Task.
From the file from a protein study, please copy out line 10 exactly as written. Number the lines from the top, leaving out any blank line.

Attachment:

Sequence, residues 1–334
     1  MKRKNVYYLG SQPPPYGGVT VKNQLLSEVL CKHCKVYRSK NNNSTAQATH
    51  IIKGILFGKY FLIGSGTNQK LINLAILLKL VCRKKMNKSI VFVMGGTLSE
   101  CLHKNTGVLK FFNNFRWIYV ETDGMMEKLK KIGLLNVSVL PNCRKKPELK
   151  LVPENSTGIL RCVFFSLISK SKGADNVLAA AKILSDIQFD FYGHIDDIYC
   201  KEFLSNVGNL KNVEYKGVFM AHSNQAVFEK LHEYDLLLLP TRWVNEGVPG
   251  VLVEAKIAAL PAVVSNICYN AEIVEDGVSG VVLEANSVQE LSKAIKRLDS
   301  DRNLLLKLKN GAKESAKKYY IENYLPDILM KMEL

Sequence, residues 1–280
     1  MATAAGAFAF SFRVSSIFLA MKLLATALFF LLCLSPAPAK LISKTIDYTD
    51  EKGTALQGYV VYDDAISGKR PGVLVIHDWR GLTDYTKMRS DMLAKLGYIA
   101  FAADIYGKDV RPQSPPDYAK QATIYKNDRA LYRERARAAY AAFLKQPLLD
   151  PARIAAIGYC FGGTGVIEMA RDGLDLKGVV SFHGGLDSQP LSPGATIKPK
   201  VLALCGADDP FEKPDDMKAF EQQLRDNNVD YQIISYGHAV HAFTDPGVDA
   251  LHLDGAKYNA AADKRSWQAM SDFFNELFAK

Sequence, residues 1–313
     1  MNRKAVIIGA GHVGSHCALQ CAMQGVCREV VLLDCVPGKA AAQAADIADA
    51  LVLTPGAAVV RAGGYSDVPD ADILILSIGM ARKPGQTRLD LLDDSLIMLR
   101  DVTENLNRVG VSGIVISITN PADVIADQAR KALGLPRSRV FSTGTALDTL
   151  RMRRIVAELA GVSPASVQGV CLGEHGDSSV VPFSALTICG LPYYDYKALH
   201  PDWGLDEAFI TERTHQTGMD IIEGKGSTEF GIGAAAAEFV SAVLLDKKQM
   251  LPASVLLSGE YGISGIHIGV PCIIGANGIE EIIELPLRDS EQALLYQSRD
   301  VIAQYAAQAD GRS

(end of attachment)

     1  MATAAGAFAF SFRVSSIFLA MKLLATALFF LLCLSPAPAK LISKTIDYTD